News / Africa

    Security Concerns Remain as Southern Sudan Approaches 2011 Referendum

    Michael Onyiego

    A recent report on disarmament indicates a security vacuum exists in parts of southern Sudan that could plague the region as it approaches the 2011 referendum. 

    As voting draws to a close in Sudan's first multiparty elections in more than 24 years, the prospect of an independent southern Sudan draws closer.

    The elections are the last major step in the Comprehensive Peace Agreement before a 2011 referendum in the south to determine whether it remains part of Sudan or forms its own state.

    The peace agreement, which was signed in 2005, ended more than 20 years of fighting between Sudan's government and the Sudan People's Liberation Movement.  

    Many hope that the south will be able to tap into its vast natural resources, which include oil, to drive development in the region.

    But a recent Issue Brief released by the Geneva-based Sudan Human Security Baseline Assessment project says that southern Sudan must continue to disarm and provide badly needed resources to its security forces if it is to ensure stability.

    The Issue Brief is based on the results of a 2009 survey of 2,400 households in southeastern Sudan. 

    Disarmament and securtiy

    According to the brief, disarmament remains one of the south's most pressing concerns.  The government of southern Sudan has been attempting to disarm the region since the signing of the peace agreement, but the process has been difficult.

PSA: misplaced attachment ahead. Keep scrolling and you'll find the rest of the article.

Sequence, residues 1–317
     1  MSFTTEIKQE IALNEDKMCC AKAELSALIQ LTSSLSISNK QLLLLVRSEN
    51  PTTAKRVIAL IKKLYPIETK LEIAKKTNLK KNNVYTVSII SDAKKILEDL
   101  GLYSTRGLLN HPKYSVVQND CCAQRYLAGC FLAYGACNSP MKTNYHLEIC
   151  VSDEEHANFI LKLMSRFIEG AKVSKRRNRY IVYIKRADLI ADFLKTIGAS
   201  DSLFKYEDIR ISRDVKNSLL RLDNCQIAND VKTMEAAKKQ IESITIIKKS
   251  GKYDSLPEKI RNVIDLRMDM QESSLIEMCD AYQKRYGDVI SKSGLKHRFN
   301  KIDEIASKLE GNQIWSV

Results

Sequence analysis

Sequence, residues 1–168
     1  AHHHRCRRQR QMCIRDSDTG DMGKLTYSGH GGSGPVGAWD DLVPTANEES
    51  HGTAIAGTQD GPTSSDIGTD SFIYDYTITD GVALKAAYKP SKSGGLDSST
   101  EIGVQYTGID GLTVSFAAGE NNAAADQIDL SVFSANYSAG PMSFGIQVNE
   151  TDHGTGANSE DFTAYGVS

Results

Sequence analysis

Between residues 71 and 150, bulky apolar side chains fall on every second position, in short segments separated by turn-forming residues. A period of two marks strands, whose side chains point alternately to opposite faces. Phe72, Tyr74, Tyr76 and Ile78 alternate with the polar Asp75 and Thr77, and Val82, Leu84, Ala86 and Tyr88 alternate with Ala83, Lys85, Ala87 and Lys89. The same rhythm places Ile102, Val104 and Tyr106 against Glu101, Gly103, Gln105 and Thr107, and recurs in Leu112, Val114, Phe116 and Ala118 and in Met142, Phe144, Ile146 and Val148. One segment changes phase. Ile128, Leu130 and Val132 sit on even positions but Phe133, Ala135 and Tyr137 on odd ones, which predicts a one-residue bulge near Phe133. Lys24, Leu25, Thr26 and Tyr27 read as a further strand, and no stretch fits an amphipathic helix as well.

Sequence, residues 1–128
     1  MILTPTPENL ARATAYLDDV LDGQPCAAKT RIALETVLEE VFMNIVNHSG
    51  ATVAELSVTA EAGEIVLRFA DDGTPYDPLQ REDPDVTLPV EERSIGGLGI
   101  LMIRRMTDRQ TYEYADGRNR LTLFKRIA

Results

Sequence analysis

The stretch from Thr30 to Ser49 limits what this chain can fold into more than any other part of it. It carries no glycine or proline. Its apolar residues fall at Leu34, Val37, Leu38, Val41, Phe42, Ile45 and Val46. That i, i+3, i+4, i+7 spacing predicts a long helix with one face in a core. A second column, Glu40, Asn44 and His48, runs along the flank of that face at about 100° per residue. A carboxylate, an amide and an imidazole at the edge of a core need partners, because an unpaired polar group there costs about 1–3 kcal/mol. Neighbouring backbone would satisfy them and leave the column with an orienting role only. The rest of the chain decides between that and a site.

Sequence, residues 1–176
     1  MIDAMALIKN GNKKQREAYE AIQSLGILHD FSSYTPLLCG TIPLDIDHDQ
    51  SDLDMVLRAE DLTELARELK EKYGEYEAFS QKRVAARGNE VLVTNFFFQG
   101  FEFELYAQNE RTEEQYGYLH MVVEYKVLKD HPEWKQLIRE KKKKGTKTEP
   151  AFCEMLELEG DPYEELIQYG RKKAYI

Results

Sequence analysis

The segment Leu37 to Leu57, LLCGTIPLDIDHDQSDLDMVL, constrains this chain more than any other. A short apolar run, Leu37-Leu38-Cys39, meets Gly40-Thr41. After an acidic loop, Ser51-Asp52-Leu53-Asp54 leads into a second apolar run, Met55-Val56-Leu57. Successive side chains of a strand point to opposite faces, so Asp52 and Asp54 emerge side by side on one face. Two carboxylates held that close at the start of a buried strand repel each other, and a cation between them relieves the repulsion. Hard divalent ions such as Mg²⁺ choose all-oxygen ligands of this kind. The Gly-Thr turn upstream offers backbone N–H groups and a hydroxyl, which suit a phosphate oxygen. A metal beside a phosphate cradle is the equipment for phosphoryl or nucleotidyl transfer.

Almost 40 percent of the households surveyed admitted to owning firearms.  The survey indicated doubts about the government's ability to provide security have hampered the disarmament  initiative.

    The survey found only 27 percent of the respondents relied on the police force for protection in the region.  The majority instead relied upon traditional leaders for safety.

    Security consultant and author of the report Irina Mozel says this attitude stems from a lack of government support for the police of southern Sudan.  

    "The preparation for elections has enhanced some of the means and resources available, especially for the police," said Mozel. "But there are huge challenges, which still remain with regard to the police.  Specifically because both donors and the government have not focused enough on building up a strong police force, which has led to the current security vacuum."

    Much of the violence in the surveyed region stems from resource scarcity.  Cattle theft and the ensuing cycles of revenge are a constant cause of unrest in Eastern Equatoria.

    The report urges the government of southern Sudan to address the causes of violence in the region through community engagement.  According to the Issue Brief, the cooperation of traditional community leaders with police can help to ensure peace in the region.

    If the south achieves independence in 2011, more resources and attention can potentially be focused on security in states like Eastern Equatoria.  But Mozel says that international assistance will be needed in the interim as the buildup of an effective police force could take up to 10 years.

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